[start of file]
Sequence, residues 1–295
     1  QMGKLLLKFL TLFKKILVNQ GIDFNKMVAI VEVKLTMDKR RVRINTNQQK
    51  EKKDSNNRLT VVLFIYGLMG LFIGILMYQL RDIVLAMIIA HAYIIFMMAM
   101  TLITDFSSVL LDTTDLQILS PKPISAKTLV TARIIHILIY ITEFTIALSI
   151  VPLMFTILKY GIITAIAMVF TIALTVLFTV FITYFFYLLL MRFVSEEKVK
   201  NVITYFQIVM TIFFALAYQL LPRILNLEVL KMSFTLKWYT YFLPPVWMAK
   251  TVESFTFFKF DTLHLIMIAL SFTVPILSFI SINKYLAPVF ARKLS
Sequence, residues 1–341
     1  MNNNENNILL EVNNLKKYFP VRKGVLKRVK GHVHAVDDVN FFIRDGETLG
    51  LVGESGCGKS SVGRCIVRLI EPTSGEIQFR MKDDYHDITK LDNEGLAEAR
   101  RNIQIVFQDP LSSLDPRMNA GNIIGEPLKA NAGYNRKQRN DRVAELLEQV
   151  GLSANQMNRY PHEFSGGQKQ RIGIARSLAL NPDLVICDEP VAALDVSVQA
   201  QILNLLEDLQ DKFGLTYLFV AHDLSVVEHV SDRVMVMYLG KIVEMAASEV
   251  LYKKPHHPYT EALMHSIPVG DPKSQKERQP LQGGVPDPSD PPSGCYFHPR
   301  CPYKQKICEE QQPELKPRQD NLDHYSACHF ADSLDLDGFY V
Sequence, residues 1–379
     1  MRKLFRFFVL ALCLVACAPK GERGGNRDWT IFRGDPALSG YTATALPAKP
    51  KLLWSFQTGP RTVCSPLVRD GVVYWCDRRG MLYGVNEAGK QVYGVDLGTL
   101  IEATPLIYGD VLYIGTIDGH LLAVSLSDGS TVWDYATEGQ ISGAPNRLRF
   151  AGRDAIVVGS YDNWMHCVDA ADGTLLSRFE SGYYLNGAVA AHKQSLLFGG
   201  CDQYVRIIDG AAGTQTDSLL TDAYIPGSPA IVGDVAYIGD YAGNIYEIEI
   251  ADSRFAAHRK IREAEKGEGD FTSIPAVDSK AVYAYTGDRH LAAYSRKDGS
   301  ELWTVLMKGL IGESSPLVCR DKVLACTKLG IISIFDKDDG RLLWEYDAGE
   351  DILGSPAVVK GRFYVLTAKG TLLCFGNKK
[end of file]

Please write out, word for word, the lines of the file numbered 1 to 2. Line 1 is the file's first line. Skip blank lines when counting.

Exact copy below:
Sequence, residues 1–295
     1  QMGKLLLKFL TLFKKILVNQ GIDFNKMVAI VEVKLTMDKR RVRINTNQQK